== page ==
The MLC was selected for this study, being the most popular, tested, and recognized as the best technique with higher accuracy in land use classification and change detection task (Bureau 2014; Chim et al. 2019; Pokhrel et al. 2019). It is also operationally simple, easily applicable, and robust in performance. Additionally, the researcher has prior knowledge of the region which is crucial for the successful generation of the final LULC classes using this image classification technique (Bureau 2014; Ayele et al. 2019).

After successfully classifying the LULC classes of the basin area into agriculture, forest, water body, and others (which consist of all the construction land uses, gullies, and rock outcrop) (Table 1) for the four time slices, the classified images were vectorized using the ERDAS Imagine 9.1 image analysis software in the ArcMap 10.4 within the GIS environment. The temporal changes in the LULC between the time periods were quantified to enable comparison in the changes that occur between the time series. Furthermore, the net changes of a given LULC type as well as the net changes to persistence ratio was computed and shown via the transition probability matrixes of each LULC type. The map was also verified compared to an independent dataset of 150 ground points distributed across the study area. Verification points were recognized by a mixture of very high-resolution image visual interpretation for 2010 (Google Earth) and known locations in true color Landsat images (Yirsaw et al. 2017). The evaluation was done per scene. Consequently, results from each scene were mosaics in a final map at 30 m scale wrapping the entire study location.

Table 1

The land use/land cover (LULC) classes used and their descriptions

LULC classesGeneral description
Agriculture Arable land, stable crops, and mixed agricultural areas 
Forest Natural vegetated areas and plantations 
Water body Permanent open water, lakes, ponds, and reservoirs 
Others All types of construction land uses, eroded sites, gullies, and rock outcrops 
LULC classesGeneral description
Agriculture Arable land, stable crops, and mixed agricultural areas 
Forest Natural vegetated areas and plantations 
Water body Permanent open water, lakes, ponds, and reservoirs 
Others All types of construction land uses, eroded sites, gullies, and rock outcrops 

Classification accuracy assessment

The overall accuracy of a specific map or classified image is achieved by computing its overall classification accuracy, the producer and user accuracy as well as the Cohen's Kappa coefficient of agreement (Costa et al. 2018). This overall accuracy denotes the percent of correctly classified sample points, as matched to their corresponding reference data in all the categories. The omission errors shown by the producer accuracy are determined by dividing the total number of correctly classified samples in a given category by the total number of samples in that category. However, the commission error, which is a product of the user accuracy, is determined by dividing the number of correctly classified samples in a given category by the number of samples in all categories (Maktav et al. 2005; Yang et al. 2014). Meanwhile, the most widely used index in the accuracy assessment, the Kappa index, is used to accommodate the effects of change agreement in the accuracy; although it has been variously criticized, it is the most reliable index in accuracy indexing and the value must not go below 0.85 (Shamsudheen et al. 2005; Yan et al. 2015):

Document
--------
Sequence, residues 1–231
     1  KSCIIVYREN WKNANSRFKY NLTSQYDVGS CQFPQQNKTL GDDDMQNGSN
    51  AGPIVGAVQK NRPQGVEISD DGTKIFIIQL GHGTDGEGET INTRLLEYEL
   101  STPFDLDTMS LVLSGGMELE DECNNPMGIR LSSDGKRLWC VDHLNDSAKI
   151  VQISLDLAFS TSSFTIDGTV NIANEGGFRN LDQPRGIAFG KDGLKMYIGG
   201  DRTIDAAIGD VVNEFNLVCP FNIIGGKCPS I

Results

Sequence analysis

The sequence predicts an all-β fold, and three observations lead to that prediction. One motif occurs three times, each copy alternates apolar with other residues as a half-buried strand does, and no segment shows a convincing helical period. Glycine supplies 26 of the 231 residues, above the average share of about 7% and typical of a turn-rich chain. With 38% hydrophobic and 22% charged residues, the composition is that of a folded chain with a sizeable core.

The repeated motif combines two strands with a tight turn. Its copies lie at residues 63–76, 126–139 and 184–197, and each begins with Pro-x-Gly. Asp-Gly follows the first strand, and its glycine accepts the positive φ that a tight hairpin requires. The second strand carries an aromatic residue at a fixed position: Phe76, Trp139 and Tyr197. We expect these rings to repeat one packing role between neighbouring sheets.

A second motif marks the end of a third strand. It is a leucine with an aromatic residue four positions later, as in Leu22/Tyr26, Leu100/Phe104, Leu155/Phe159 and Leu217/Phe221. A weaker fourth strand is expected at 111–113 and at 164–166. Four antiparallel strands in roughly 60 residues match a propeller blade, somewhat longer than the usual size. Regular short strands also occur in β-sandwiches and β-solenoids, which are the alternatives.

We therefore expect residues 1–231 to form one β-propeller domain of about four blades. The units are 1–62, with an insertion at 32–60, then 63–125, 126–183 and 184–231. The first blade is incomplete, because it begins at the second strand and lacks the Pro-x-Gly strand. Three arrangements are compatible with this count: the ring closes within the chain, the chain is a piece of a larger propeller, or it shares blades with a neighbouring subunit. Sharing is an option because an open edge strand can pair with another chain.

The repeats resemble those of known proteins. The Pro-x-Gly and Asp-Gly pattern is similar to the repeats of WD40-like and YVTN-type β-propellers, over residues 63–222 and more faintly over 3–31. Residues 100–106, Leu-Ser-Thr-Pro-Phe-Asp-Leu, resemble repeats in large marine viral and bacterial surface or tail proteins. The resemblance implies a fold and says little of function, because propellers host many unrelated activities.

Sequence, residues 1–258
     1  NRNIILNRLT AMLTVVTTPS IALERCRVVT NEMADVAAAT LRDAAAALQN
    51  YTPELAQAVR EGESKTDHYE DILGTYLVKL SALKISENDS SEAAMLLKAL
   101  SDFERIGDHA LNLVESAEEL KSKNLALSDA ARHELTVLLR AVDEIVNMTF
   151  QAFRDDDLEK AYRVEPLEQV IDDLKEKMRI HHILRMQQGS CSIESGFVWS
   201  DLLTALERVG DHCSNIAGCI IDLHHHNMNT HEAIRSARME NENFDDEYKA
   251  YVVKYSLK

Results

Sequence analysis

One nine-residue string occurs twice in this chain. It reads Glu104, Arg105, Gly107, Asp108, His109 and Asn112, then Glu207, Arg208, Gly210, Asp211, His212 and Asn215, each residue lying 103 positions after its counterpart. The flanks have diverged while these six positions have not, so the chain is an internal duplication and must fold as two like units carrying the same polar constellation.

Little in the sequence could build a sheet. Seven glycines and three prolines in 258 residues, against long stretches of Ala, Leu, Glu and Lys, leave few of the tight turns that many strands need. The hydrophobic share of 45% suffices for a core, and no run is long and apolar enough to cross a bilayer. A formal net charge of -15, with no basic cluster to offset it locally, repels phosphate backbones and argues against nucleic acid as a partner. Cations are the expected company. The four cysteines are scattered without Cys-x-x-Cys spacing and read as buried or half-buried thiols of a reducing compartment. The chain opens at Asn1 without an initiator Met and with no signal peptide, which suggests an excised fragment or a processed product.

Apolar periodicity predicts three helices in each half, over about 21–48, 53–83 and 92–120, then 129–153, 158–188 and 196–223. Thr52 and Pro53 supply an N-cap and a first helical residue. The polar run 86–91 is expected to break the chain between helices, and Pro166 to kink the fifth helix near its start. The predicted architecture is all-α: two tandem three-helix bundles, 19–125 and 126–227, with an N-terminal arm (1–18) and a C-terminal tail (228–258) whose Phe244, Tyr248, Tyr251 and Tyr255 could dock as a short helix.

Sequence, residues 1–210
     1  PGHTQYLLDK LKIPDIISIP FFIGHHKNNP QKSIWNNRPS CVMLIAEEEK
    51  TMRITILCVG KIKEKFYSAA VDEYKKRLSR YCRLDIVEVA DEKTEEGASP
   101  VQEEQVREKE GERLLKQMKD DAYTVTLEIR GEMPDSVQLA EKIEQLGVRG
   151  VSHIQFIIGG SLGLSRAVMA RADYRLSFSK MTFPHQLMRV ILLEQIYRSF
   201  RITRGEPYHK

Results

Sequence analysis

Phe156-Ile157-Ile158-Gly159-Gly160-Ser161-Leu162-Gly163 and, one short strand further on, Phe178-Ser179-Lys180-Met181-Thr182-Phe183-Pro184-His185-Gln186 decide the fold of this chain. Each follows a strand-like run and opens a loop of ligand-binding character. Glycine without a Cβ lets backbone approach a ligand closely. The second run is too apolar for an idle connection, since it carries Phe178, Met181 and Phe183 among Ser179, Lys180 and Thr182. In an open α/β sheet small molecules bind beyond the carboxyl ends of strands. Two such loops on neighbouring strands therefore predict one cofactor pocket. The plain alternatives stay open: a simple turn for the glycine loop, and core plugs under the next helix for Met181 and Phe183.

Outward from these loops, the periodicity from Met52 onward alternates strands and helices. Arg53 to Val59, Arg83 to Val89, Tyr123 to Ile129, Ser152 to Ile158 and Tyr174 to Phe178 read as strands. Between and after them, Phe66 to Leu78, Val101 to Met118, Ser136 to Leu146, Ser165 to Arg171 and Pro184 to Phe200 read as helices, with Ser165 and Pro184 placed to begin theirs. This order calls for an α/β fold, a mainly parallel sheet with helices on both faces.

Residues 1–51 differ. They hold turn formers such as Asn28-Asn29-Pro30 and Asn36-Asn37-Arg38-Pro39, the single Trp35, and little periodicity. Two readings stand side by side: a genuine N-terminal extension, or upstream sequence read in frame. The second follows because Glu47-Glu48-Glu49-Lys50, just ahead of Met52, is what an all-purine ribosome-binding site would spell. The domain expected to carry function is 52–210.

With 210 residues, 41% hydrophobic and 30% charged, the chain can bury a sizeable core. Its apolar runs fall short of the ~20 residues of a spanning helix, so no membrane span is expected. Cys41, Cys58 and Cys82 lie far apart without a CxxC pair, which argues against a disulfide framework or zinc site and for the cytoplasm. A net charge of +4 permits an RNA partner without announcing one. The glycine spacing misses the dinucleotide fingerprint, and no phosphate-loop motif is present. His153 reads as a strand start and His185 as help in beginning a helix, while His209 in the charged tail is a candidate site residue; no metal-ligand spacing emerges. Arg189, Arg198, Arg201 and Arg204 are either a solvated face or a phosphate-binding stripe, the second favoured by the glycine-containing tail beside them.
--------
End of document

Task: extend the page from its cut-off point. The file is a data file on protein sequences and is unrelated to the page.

formula
(1)
formula
(2)
formula
(3)
formula
(4)
where i = class number, N = total number of classified values compared to truth values, mi,i = number of values belonging to the truth class i that have also been classified as class i (i.e., values found along the diagonal of the confusion matrix), Ci = total number of predicted values belonging to class i, and Gi = total number of truth values belonging to class i.

METHODS

LULC change modeling

The CA–Markov model has been ubiquitously cited as the most powerful technique for modeling the likelihood of spatial and temporal shift in LULC in combination with the GIS technique (Yu 2009; Sang et al. 2011). A Markov chain is constructed in the CA–Markov model, based on the potential of the change matrices, connected with the temporal adjustment that occurs among the various types of LULC (Subedi et al. 2013). The CA model is employed to project the spatiotemporal changes, taking into account neighborhood set-up and the alteration map of the LULC (Kityuttachai et al. 2013). The CA–Markov model can achieve better simulation of LULC inequalities via the hybridization of these two approaches (White & Engelen 1994; Yang et al. 2014). This characteristic makes the model a solid simulation study of LULC change (Kityuttachai et al. 2013; Subedi et al. 2013).

In this study, a paired CA–Markov model was used to perform the LULC change modeling processes. The concept of combining the CA–Markov model reflects advances in spatio-temporal dynamics in modeling and forecasting attempts to achieve a better simulation of LULC fluctuations for quantitative assessment on the temporal scale (Sang et al. 2011; Yang et al. 2019). The whole process was achieved using the built-in algorithms in the IDRISI Andes that integrates the CA filter and Markov functions and processes, which is based on the transition tables and probability conditionality from the transition map used in the simulation and forecasting of the states of LULC changes. Thus, in the present study, the simulation of LULC changes into the future via the CA–Markov model was based on the following procedures: